Thursday, November 23, 2023

‘We are afraid’: scientists issue new warning as world enters ‘uncharted climate territory’

ERA5 data from @CopernicusECMWF indicates that 17 November was the first day that the global temperature exceeded 2°C above pre-industrial levels, reaching 2.07°C above the 1850-1900 average and the provisional ERA5 value for 18 November is 2.06°C. 

From Forbes by Devid Vetter

A distinguished international team of scientists on Tuesday issued the starkest warning yet that human activity is pushing Earth into a climate crisis that could threaten the lives of up to 6 billion people this century, stating candidly: “We are afraid of the uncharted territory that we have now entered.”

Writing in the journal Biosciences, the coalition of 12 researchers, spanning North America, Europe and Asia, state in unusually stark language: “As scientists, we are increasingly being asked to tell the public the truth about the crises we face in simple and direct terms.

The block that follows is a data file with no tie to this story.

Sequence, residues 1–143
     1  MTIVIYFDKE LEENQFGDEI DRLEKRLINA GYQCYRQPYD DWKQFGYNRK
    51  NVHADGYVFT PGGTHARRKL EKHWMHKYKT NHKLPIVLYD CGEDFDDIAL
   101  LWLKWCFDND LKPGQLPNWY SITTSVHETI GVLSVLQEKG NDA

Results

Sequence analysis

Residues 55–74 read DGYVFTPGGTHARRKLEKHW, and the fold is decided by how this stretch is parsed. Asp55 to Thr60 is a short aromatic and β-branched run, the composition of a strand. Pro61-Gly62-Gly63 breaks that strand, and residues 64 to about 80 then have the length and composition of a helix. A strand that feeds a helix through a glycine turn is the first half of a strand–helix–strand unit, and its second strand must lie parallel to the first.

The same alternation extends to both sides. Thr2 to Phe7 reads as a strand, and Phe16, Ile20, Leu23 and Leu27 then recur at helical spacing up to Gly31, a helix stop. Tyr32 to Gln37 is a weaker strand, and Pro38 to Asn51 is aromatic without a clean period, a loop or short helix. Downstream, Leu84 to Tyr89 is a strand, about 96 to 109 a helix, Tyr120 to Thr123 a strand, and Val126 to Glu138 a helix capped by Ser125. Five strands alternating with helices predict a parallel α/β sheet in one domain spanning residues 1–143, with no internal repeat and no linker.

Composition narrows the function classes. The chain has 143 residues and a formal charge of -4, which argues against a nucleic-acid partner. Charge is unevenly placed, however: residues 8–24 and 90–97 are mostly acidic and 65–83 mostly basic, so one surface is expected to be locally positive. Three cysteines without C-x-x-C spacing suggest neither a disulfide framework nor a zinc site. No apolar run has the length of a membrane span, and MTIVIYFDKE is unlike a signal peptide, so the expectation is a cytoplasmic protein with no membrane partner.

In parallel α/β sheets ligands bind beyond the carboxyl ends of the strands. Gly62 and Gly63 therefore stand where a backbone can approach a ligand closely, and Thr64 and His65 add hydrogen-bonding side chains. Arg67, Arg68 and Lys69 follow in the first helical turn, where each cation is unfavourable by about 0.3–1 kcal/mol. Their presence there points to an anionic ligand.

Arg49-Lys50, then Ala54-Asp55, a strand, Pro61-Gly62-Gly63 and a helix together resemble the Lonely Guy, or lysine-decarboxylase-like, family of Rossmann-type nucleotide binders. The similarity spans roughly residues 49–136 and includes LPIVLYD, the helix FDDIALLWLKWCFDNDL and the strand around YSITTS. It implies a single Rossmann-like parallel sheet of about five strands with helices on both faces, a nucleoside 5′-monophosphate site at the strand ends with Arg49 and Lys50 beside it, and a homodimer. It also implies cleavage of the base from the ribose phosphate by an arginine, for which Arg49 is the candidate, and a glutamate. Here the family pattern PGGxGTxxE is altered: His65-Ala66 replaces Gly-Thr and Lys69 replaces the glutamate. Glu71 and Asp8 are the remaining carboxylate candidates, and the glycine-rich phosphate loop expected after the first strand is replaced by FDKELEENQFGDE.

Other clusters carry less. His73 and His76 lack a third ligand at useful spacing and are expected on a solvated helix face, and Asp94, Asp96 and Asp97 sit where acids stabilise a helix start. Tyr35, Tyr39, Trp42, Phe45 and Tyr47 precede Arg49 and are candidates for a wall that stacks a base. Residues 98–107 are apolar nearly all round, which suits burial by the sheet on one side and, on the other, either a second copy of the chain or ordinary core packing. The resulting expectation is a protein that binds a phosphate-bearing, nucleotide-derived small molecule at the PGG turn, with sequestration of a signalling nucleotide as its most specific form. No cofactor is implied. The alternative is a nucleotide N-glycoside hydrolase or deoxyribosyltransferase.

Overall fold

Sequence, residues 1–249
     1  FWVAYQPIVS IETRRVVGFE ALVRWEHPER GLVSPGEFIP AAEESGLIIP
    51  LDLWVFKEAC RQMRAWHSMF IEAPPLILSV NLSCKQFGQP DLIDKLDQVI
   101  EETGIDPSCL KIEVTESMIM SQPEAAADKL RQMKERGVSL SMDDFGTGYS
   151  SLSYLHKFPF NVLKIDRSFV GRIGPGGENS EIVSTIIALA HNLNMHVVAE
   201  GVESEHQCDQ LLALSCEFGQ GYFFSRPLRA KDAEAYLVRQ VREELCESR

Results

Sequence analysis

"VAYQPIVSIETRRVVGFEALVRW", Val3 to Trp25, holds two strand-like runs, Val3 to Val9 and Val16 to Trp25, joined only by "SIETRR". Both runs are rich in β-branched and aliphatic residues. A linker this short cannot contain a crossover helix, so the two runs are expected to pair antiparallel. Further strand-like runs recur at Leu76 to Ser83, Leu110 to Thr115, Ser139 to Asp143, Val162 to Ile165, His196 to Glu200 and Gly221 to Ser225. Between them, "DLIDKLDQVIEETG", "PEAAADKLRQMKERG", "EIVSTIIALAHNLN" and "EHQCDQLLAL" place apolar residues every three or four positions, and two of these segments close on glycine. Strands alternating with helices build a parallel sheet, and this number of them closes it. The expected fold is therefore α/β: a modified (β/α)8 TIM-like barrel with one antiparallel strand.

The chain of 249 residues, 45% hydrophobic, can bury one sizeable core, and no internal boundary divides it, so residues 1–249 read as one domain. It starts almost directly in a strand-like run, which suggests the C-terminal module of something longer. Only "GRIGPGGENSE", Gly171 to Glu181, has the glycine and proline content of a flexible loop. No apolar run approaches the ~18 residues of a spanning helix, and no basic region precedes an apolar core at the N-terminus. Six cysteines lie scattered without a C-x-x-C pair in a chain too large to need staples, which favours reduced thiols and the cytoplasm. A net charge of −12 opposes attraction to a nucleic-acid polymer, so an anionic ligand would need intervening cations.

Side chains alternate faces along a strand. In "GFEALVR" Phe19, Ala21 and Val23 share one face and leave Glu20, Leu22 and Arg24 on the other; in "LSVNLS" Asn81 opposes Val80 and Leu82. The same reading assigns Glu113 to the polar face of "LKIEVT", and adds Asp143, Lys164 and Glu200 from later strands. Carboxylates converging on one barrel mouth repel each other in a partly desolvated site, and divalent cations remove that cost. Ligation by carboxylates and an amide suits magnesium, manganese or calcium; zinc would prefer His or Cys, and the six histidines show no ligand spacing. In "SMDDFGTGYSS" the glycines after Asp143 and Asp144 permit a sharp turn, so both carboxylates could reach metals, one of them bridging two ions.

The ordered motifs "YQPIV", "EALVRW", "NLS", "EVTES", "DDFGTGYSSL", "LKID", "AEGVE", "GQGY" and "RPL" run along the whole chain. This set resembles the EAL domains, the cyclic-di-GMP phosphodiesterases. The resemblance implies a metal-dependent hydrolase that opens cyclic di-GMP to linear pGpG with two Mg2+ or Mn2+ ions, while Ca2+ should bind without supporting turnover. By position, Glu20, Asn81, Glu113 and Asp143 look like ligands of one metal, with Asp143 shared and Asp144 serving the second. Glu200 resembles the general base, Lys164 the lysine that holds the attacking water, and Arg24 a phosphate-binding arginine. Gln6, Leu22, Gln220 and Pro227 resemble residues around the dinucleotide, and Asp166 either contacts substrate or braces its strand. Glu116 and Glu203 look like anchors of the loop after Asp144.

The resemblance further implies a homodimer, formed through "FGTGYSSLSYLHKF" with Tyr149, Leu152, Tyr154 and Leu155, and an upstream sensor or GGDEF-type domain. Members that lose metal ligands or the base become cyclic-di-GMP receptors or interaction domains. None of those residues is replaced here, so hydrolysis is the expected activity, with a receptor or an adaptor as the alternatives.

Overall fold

The truth is that we are shocked by the ferocity of the extreme weather events in 2023.”

Record climate anomalies seen around the world in 2023 have astonished the scientific community, raising concerns that further extreme weather, as well as climate tipping points, could arrive sooner than expected.
The authors say that the temperature records, which smashed all previous observations, along with record low levels of sea ice, are signs that human activity is “pushing our planetary systems into dangerous instability.”